Doctors performing surgery
Doctors performing surgery

FCT NMA Seeks Legislation to Address Organ Trafficking

The FCT chapter of the Nigerian Medical Association (NMA), has called on the National Assembly (NASS) to enact laws specifically aimed at addressing and preventing organ trafficking in the country.

Speaking at a press briefing in Abuja on Monday, the chairman of FCT NMA, Charles Ugwuanyi, said with specific laws, Nigeria can make efforts towards eradicating organ trafficking and protecting the well-being of its citizens.

Mr Ugwuanyi said the existing law governing organ transplants in the country is limited in depth, hence unable to address emerging issues.

“It only requires the donor to be above 18 years of age and the fact that there is no financial inducement for the donation,” he said.

Illegal organ trading

The briefing was organised to address the allegation of illegal kidney trade involving Alliance Hospital, an Abuja-based medical facility.

Daily Trust in an investigation published on 10 December, detailed the thriving economy of illegal kidney trade in the FCT and how agents operate freely, luring young men from low economic backgrounds to sell their kidneys.

The investigation also highlighted how Nigeria’s socio-economic challenges have contributed to the travails of the young men who sell their kidneys without minding the long-term repercussions, as Nigeria has no regulatory body in charge.

In a reaction to the findings via his official X account, the Minister of Health and Social Welfare, Muhammad Pate, clarified that there is a policy and legal framework that enables regulation of health practice in Nigeria, including medical transplantation.

Mr Pate said Sections 51-56 of the National Health Act 2014 (NHA 2014) prohibit the illegality uncovered in the investigation, adding that the central issues concern the enforcement practices and evasion of the regulatory guidelines by criminals.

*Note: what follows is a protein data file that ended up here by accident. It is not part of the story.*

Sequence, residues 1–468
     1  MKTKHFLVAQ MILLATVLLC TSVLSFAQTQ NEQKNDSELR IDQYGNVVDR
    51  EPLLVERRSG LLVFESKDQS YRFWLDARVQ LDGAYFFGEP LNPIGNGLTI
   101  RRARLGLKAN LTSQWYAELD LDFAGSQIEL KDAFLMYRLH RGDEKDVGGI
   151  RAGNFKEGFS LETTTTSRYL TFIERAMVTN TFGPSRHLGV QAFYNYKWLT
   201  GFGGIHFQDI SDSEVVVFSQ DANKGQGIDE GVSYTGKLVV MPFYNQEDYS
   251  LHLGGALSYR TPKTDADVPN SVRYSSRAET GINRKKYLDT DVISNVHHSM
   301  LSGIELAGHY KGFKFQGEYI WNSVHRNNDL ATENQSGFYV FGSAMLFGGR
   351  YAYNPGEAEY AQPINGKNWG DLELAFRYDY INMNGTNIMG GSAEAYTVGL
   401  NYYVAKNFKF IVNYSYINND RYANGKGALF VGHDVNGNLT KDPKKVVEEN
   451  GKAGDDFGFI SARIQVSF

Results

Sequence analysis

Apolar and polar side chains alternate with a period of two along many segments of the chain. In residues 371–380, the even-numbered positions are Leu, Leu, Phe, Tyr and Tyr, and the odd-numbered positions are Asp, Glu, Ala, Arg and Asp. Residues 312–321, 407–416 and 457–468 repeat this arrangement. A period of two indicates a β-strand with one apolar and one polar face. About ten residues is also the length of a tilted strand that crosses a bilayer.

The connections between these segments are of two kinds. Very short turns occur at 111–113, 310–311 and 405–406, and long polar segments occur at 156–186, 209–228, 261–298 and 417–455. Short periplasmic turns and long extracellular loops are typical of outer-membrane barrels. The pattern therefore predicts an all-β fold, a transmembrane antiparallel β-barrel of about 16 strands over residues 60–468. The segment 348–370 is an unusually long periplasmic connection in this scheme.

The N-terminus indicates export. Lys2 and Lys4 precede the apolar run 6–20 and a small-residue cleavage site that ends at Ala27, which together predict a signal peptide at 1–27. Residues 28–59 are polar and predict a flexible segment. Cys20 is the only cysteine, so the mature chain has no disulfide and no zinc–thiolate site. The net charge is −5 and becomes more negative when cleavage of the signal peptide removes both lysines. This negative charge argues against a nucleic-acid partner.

The minister further noted in his reaction that his ministry recently inaugurated the Tertiary Hospitals Care Standards Committee to enhance the effectiveness of the government in regulating practices.

He noted that in the proposed 2024 appropriation directed by President Bola Tinubu, “we slated significant resources to enhance such regulations and curb the criminality experienced by Nigerians over so many years in the past.”

Fair Judgement

In reaction to this, Mr Ugwuanyi said every potential case must be given a balanced judgment by constituted authorities.

He called on the relevant government authorities and the legislative arm of government to review the laws. He also expressed worry that organ harvesting may become a common practice soon if nothing is done.

“So, we can project that in the next few years, there will be a lot of organ harvesting. Therefore, we must and we will keep calling on our government to strengthen laws guiding them,” he said.

“Let us see what is happening as pointers to bigger problems in the future and that is how the society develops.”

Mr Ugwuanyi also called on the public to allow relevant authorities handle the issue instead of blacklisting the hospital involved.

He said the Medical and Dental Council of Nigeria (MDCN) has a tribunal that tries doctors on issues related to bad practice and others.

“And we always encourage our patients, if you feel you haven‘t been treated well. Please don‘t choose violence against us, violence can be physical, emotional, cyberbullying, please go to the tribunals,” he said.

“Trust the MDCN as a tribunal, they do a thorough job, and I‘m sure you have been hearing that they disciplined doctors even to the extent of delisting from the registry, stripping of your practicing license.”

Due process

Speaking at the briefing, the managing director of Alliance Hospital, Christopher Otabor, explained that as a rule, kidney recipients source for their donors and present them to the hospital for screening for compatibility and fitness for donation.

Mr Otabor said after the screening, the hospital proceeds to ensure they meet the legal requirements before commencing any medical procedure.

He said the requirements include: “Donors must be 18 years or above and must sign consent in the presence of two adult witnesses. Donors are expected to swear an affidavit stating their age and affirming that the decision to donate is by free will and there is no compulsion or financial inducement.”

“We have followed the above protocol strictly for all the kidney transplant cases done by the hospital.”

SOURCE: Premium Times